Back to the point. That was pretty strange, to see something like that happen, nearly a dozen years after the book came out. But then something else caught my eye yesterday – a story from the London Telegraph saying that Paul McCartney’s son James is mulling over putting a band together with the sons of the other Beatles. Hey, I can’t make this stuff up.

Nanos that do laundry, Beatles: The Next Generation, and a crumbling culture - they're all here.

Except that I did. It was kind of a running joke in the Pembroke Hall novels, a band constantly referred to as “The SOB’s” – and then you find out halfway through that it stands for “Sons of Beatles”, and that the band is made up of… yeah, you got it.

Was I trying to wishfully think when I wrote that into the novel? No. I was making fun of our popular culture. It was, after all, the beginning of an era when artists began keeping their moribund careers alive by releasing sequels to hit albums of the past (the latest? Ian Anderson’s Thick as a Brick 2. Seriously.). Maybe in retrospect I shouldn’t have done it. Pop culture is just too easy of a target. I don’t know.

Whether Beatles 2.0 comes off or not remains to be seen, but these things have made for a weird couple of months for me. Before you go calling me Nostradamus or anything like that, remember that there’s lots of other stuff in those two novels that hasn’t happened, like thugs becoming media stars. Everyone knows that commercial actors aren’t thugs. Those are all found in the NFL and NBA.

Seriously again, I don’t know what to make of this. They say things happen in threes, so maybe I will ignore this trend until one more thing like this pops up – when and if. So I guess I’ll try not to be too unnerved until the other other shoe drops.

Meantime, if you want to catch up on this tale, I’m scheduled to have the Author’s Intended Version of Ferman’s Devils – ready for release just over a year from now. Maybe sooner if I can get those pesky Angel’s Luck books out of the way. If you want to check them out sooner, check the used section of Amazon or on eBay.

And for you few who read the book, here’s something that may keep you up at night: According to my calculations, Boddekker is now an eight year-old.

The Mushroom Shift

Okay, this is the big announcement you’ve been waiting for. Or maybe it isn’t.

The Mushroom Shift, the police novel I wrote way back when during the mists of 1985, is officially available for you to read. You can get the Amazon Kindle version here, or for those of you who still love the feel, smell, and tactile experience of a real paper book, you can get the trade paperback version from Amazon here or from me through Amazon here.

(A Trade Paper version of A Death of Honor is also available here, but is not yet available on Amazon for some reason. Call it delay by dinosaur?)

The Kindle version went online in the middle of December, but I wanted to wait to make the official announcement until the paper version was available. Of course, if you’d liked my Facebook Fan Page, then you already knew about all of this stuff weeks ago.

If you’re interested in the book, make sure you read the propaganda I wrote about it before buying it. The book is not at all politically correct (but since when are cops PC?) and is rather profane (but since when do cops talk like choirboys?). If you decide to take the plunge, I think you’ll be rewarded with a novel that contains some of my best writing – not bad since it was only the second novel I wrote (I have a theory on why it turned out that way, but that’s a topic for a future post).

There you have it. The chronicle of Clarence Raymond Monmouth, Badlands County Sheriff’s Department, ready to come to your home and entertain you in whatever format you choose.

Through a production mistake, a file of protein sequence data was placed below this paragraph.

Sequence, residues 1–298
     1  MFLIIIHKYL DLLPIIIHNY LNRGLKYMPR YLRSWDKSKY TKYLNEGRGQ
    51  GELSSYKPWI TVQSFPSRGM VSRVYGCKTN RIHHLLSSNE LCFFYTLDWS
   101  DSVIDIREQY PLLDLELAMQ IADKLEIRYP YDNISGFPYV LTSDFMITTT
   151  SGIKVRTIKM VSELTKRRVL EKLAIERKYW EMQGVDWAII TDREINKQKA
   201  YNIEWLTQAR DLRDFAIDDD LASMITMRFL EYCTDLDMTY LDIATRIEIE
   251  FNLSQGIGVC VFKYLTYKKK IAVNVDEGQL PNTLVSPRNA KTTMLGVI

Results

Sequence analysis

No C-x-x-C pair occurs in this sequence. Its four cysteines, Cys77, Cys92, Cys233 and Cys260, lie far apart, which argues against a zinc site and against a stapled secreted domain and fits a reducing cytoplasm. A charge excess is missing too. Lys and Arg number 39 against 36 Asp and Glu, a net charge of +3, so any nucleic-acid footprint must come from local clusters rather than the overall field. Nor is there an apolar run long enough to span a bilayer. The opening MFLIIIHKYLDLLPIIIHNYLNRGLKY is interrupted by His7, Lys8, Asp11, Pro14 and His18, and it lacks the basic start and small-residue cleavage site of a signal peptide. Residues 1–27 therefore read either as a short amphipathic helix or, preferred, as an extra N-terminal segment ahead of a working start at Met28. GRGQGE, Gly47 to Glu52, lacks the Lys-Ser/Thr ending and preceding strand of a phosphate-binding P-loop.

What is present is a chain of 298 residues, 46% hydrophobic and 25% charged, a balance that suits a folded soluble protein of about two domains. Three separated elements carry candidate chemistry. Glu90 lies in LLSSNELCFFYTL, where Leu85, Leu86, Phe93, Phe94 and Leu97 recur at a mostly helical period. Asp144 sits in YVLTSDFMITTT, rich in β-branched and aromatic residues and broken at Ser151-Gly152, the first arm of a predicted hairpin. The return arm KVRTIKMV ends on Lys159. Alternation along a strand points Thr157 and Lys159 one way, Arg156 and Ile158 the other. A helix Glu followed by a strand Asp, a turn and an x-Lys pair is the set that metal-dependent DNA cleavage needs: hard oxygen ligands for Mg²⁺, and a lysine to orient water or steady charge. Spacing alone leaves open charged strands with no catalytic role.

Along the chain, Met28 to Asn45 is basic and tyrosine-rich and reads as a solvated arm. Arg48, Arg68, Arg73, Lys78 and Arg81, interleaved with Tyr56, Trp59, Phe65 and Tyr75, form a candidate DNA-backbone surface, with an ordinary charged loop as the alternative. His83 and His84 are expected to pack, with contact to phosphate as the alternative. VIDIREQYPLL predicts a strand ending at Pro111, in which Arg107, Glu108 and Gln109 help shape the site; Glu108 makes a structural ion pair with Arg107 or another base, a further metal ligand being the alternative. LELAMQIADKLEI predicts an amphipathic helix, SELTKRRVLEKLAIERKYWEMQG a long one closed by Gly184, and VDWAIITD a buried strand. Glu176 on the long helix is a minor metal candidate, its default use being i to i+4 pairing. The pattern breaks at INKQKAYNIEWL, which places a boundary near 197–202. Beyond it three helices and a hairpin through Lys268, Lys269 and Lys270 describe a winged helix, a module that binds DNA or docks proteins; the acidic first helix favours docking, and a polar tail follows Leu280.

So buy early and often. And remember… I get paid whether you read the book or not!

Enjoy!

Oh, Fudge!

Where to come down on the idea of cussin’ in one’s books? I’ve gotten away from it for the most part, mostly because I’m a Christian and try hard not to use it myself. But I’ve also sat through enough TV versions of films where the language is softened, and for the most part the writing works without it (except for the moment in Heartbreak Ridge where Clint Eastwood refers to a compromised operation as a “cluster flop”).

If the profanity is taken out and not given a ridiculous substitute, most writing functions surprisingly well. I’ve gotten along without it nicely for a couple of novels now, although in Drawing Down the Moon I resorted to some comparatively minor epithets during a couple of moments when the emotional tension was ratcheted up so high that it seemed the scene couldn’t exist without the kind of expression that exists when you call someone a son-of-a-bitch.

One thing I don’t think most writers consider when using profanity is how it is perceived by the reader. Folks, most readers ain’t looking at it the way that a lot of us do. For example, John Grisham has been praised for years for “not using profanity” – but he does. The thing is, he uses it ever-so-sparingly.

This tells me that in minuscule amounts profanity becomes overlooked as part of the story and doesn’t even enter the reader’s consciousness. There’s not enough to alert the reader’s radar, so it flies under it naturally.

Unlike when I went to see Dog Day Afternoon once upon a time a long time ago. A bunch of us from college went, and one girl who was unenlightened about “cinema” (as opposed to “movies”) became bored with the plot early on and began to count out loud the number of F Bombs dropped by Al Pacino. And you know what? Thinking back on it, it was distracting. Not the girl’s count, but the fact that there were so many that it demanded counting. How else do you account for people tallying the number of F words in films like The Big Lebowski, or pretty much any movie in which Joe Pesci or Robert DeNiro are allowed to do some ad-libbing? It’s like there’s a saturation point for this particular epithet, and once you pass a certain number of uses, it pushes the meter from “Useful” to “Tolerable” to “Offensive” and into “Self Parody.”

Oddly enough, this didn’t seem to happen in The Commitments, but then the word wasn’t flowing exclusively from the mouth of one particular character – it same from everyone, as if it was a part of the street argot. And it worked that way.

My take is to use profanity infrequently and only when emphasis is needed somewhere. I’m not so sure I buy into the whole “it’s part of the character” thing anymore because it has become so over-used (see below for an exception).